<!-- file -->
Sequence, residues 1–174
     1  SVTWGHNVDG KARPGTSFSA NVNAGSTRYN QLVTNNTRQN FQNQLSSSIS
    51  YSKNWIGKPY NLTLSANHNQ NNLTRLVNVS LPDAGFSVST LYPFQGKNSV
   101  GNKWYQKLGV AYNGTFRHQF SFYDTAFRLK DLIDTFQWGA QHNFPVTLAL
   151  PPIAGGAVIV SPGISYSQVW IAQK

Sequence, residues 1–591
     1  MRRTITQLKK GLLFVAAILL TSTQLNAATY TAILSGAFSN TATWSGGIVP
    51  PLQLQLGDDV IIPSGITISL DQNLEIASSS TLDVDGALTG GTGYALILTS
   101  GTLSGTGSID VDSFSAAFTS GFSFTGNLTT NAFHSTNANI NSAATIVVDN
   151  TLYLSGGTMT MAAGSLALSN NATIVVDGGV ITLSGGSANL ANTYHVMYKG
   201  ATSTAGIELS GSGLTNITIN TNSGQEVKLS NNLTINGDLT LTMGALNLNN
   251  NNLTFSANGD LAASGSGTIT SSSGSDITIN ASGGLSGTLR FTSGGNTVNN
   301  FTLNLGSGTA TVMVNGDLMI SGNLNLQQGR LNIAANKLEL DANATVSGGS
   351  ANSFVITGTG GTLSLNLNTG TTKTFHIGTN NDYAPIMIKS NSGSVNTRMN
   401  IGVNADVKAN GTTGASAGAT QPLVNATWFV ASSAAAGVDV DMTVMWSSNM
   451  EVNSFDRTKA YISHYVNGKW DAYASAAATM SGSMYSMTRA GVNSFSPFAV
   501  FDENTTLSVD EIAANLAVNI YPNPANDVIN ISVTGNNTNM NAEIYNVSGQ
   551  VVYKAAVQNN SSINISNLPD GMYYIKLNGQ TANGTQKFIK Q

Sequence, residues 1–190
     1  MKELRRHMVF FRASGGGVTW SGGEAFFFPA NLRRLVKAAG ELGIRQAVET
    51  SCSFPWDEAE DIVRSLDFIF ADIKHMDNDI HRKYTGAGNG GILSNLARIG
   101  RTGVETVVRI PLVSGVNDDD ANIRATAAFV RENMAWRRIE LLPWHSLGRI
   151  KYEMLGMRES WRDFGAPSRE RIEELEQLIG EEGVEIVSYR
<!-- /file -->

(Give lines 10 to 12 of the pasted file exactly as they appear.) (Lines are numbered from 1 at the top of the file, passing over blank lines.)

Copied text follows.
   151  TLYLSGGTMT MAAGSLALSN NATIVVDGGV ITLSGGSANL ANTYHVMYKG
   201  ATSTAGIELS GSGLTNITIN TNSGQEVKLS NNLTINGDLT LTMGALNLNN
   251  NNLTFSANGD LAASGSGTIT SSSGSDITIN ASGGLSGTLR FTSGGNTVNN